“I love you, too, Sweetheart.” I wait a moment. I kiss the top of her head. I imagine there will come a day when the top of her head is harder to kiss, but today, she is the perfect height for head-top kissing. “Why are you glad you’re not an orphan?”
“I mean I’m glad I don’t live in an orphanage. I’m glad you’re my mom. You hold my hand when things are hard, and take care of me.” She has stepped back a little, and is looking at me intently. She wants me to feel what she is saying. I do. I feel her. I love her. I smile. My whole heart melts.
“I’m glad I’m your mom, too.”
We talk about orphanages for a couple minutes – our conversation not hard this time, not deep or intense – we talk about people who care for kids in an orphanage, how they are and are not like parents, how many kids live in one space together and eventually, she tests an idea she’s tested on me before. “If you and Mama didn’t adopt me,” she suggests, “I wouldn’t have a family. I might live in an orphanage.”
She’s wrong, but how do I tell her? Before she was allowed to live with us, while we waited for the endless paperwork to clear, she lived with her foster mom. She never lived in an orphanage, and she never would have. It isn’t how the system in Guatemala was set-up. Not the system she was in. But how do I explain? I decide it’s only reassurance she needs today. Her probe for details and information feels different to me; this conversation is all heart. I go with my heart.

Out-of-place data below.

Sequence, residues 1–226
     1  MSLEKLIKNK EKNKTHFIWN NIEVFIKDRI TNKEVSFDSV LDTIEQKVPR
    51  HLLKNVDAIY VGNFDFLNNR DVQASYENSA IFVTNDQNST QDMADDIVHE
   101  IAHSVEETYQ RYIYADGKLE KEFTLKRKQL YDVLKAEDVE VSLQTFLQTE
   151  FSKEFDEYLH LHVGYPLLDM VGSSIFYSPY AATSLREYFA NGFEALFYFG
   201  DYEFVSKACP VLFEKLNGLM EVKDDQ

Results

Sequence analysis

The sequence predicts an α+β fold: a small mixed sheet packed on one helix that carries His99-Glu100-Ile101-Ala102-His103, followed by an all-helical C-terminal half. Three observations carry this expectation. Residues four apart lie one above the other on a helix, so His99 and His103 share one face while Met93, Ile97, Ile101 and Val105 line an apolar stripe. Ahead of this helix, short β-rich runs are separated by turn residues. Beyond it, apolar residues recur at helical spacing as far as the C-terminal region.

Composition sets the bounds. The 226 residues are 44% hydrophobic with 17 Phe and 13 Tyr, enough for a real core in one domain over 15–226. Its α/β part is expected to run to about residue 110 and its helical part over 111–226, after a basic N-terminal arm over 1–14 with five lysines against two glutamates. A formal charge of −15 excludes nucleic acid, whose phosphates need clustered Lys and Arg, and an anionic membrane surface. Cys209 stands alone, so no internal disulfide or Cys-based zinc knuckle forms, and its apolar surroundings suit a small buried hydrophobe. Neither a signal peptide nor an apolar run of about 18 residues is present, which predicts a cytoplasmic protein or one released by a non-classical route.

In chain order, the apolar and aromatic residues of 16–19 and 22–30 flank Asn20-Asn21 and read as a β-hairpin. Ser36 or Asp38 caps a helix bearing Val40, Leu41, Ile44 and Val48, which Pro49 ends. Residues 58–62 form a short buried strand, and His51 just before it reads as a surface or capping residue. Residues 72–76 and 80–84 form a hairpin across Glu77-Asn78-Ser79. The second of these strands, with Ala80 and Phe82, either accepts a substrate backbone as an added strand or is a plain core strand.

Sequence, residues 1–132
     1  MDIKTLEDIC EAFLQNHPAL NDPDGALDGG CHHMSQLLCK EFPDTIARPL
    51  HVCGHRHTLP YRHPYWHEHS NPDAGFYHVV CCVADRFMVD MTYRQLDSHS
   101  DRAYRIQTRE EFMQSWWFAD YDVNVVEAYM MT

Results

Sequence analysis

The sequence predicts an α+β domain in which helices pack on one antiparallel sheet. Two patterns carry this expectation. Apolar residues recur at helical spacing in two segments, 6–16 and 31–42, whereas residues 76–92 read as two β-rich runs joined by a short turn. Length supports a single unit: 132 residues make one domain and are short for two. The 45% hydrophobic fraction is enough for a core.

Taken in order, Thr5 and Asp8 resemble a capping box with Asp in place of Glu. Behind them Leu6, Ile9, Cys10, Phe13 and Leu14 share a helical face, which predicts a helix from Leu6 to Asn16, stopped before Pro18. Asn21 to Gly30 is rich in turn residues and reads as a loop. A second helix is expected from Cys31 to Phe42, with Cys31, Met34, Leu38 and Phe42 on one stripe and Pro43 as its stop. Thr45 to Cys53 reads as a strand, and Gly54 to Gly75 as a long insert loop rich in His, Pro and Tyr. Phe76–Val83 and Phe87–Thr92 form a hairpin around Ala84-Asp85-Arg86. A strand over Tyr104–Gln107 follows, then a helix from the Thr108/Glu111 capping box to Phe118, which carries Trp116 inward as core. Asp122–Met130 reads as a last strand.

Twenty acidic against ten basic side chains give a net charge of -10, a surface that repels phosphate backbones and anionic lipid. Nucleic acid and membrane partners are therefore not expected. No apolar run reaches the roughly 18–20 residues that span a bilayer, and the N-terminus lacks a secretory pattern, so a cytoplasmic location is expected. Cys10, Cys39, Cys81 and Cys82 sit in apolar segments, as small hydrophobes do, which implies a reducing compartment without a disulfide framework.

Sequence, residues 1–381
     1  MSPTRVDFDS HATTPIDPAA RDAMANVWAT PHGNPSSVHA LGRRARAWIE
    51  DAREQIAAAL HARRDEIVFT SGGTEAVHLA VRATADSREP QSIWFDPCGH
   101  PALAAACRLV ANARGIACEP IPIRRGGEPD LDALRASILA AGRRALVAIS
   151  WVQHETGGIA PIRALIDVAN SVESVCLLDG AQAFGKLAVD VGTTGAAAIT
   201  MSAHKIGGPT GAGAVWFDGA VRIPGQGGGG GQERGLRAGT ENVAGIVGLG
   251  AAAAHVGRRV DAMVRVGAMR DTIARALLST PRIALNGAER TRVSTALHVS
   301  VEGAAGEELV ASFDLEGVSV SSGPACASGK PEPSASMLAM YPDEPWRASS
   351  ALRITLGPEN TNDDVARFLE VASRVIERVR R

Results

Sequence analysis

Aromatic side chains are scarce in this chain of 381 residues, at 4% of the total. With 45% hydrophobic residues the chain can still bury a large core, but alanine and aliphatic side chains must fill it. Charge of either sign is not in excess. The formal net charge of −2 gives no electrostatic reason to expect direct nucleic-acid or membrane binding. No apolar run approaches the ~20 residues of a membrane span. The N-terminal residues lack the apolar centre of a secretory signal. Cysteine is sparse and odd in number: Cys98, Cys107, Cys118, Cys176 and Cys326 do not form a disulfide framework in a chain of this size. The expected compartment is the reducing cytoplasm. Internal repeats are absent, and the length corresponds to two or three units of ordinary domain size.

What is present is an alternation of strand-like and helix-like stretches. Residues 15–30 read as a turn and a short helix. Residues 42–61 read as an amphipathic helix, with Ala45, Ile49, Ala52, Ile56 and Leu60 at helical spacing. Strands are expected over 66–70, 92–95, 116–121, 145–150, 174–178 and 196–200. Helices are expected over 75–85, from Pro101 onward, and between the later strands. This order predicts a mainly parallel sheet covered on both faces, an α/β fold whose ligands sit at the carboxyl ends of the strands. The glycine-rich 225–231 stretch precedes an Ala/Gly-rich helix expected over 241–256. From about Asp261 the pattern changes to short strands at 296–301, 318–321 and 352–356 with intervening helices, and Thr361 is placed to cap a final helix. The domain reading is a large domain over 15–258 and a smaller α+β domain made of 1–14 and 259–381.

“Honey, your birth mom made a plan for you – she made a plan with an adoption agency, to make sure you found a forever family.” I go on to tell her how I feel we were matched intentionally. By spiritual guidance. By hands unseen. She likes this idea. I’ve never said this before, but it’s true. It’s how I see it. She decides – for now – that’s how she sees it, too. We are silent for a stretch, comfortably so.
“What does she look like? My birth mom?”
“We have a picture of her on the side of the fridge,” I remind her.
“Oh, right!” She runs into the kitchen and pulls down the magnetic frame. As I follow her, she is already removing the black and white photo from its hot pink frame. She hesitates. “Should I – I mean, do we –“ I assure her we have another copy of the picture, and I feel her hesitation give way to hope, relief, glee.
“Can I keep this one?”
“Of course!” I tell her.
She scampers off into her room to find a place for her birth mom’s photo right by her bed.
“I love you, Mom,” she says again, an hour later or more, before nestling into her blankets, ready for sleep.
“I love you, too, Precious.”
And there it is – my Mother’s Day complete, and it’s not even Sunday. Yet.